Appellant in support of its defense that the car was a 1920 model introduced in evidence two registration certificates signed by respondent and filed with the motor vehicle department, in which the car was so described, and it was testified by a witness called by appellant that the original writing signed by respondent to evidence the loan from Turner was shown by the latter to the witness and contained a like description. A copy of this writing, which was introduced in evidence by respondent, tended, however, to contradict the testimony of this witness, as the model of the car was not stated therein.

With the exception of the testimony of respondent that he never was sure as to the model of the automobile which was purchased by him as a second-hand car, the foregoing comprises the evidence on this issue.

[6] The credibility of the witness and the weight to be given his testimony were questions for the trial court (Code Civ. Proc., sec. 1847); and while the statements contained in the certificates of registration were relevant and admissible as evidence of the fact in issue, they were not conclusive and their weight as evidence was also a matter for its determination ( Smith v. Whittier, 95 Cal. 279 [30 P. 529]; Bush v. Barnett, 96 Cal. 202 [31 P. 2]).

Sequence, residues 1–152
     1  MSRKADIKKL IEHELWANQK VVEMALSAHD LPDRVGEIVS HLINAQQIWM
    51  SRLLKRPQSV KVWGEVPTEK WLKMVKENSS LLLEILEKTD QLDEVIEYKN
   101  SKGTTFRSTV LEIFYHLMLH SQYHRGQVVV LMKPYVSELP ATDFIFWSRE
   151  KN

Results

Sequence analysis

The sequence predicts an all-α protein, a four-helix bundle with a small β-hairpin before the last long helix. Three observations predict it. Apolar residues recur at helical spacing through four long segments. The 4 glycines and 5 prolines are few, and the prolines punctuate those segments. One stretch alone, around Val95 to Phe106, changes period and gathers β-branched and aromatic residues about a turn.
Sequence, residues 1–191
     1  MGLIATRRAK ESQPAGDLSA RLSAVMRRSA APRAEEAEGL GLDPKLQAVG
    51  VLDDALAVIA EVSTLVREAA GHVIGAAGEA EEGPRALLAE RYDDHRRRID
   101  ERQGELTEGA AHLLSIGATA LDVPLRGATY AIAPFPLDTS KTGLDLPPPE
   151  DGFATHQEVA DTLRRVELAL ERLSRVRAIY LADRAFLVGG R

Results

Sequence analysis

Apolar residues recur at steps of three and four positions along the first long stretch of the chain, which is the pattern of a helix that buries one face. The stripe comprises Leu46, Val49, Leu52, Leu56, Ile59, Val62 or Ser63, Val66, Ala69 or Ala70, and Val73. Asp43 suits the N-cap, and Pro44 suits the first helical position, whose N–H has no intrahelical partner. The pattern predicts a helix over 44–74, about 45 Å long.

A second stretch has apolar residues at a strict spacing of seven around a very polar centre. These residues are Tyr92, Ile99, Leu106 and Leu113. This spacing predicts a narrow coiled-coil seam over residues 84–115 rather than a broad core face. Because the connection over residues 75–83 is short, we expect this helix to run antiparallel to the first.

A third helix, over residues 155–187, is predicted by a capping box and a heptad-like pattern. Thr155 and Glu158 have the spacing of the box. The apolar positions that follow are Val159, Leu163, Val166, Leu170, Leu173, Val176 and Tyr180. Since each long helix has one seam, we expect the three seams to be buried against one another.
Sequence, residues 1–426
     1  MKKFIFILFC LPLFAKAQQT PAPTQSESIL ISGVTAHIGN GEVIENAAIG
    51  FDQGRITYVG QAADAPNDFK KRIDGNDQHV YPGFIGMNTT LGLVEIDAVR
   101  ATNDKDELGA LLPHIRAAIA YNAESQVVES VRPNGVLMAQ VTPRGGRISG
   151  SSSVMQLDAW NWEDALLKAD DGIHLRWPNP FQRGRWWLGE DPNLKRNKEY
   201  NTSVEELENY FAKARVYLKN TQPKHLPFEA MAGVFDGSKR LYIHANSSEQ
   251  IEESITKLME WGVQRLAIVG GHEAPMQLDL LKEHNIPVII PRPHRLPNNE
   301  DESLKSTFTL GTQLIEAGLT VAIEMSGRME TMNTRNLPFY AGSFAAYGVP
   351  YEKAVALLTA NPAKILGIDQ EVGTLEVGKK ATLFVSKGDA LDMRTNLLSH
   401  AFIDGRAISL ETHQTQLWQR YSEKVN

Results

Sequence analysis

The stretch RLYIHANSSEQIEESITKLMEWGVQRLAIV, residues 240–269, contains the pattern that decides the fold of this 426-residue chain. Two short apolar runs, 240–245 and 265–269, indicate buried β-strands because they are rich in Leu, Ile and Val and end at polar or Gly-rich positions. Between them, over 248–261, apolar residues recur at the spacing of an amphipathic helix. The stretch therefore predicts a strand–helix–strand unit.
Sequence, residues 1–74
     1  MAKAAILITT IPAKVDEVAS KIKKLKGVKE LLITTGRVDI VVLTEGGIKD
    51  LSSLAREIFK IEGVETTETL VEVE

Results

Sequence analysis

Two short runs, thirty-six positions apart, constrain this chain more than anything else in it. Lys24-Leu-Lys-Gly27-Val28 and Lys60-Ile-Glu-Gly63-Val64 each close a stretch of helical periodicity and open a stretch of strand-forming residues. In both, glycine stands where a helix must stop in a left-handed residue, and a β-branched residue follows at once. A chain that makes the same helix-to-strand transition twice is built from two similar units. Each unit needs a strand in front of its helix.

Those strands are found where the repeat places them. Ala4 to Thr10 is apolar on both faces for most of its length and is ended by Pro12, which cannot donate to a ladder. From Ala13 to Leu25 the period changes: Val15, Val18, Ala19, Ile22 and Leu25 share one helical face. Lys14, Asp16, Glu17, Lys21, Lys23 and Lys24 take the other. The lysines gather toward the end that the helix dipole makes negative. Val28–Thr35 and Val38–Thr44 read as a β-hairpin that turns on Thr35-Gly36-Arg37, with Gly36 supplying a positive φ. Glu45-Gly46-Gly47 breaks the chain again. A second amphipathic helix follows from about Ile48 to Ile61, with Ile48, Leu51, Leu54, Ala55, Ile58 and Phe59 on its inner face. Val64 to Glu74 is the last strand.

As the rule is stated by Chamberlayne, The Modern Law of Evidence, section 1390: "The substantive or procedural law prescribes no predetermined weight for extra-judicial admissions, whether oral or in writing. It leaves the question of weight and construction of an admission, verbal or written, to the jury, entirely unaffected by specific rules as to weight."

[7] The issue was presented as an affirmative defense, which appellant had the burden of proving (Code Civ. Proc., sec. 1981) by a preponderance of evidence.

[8] No direct evidence as to the model of the car was adduced, and it was for the trial court to determine both the weight of the testimony and the inferences to be drawn from the conflicting statements of the respondent, and we cannot fairly hold, in view of the evidence, that the trial court was not justified in concluding that the proof was insufficient to support the allegations of the special defense.

The judgment is affirmed.

Tyler, P.J., and Knight, J., concurred.

Summaries of

Bennett v. Northwestern Nat. Ins. Co.

Court of Appeal of California, First District, Division One
Jun 23, 1927
84 Cal.App. 130 (Cal. Ct. App. 1927)

finding that providing the wrong car model was a material misrepresentation that could void the policy because higher premium rates were charged based on the model year

Summary of this case from Am. Alt. Ins. Corp. v. Warner
Case details for

Bennett v. Northwestern Nat. Ins. Co.

Case Details


Court:Court of Appeal of California, First District, Division One

Date published: Jun 23, 1927


84 Cal.App. 130 (Cal. Ct. App. 1927)
257 P. 586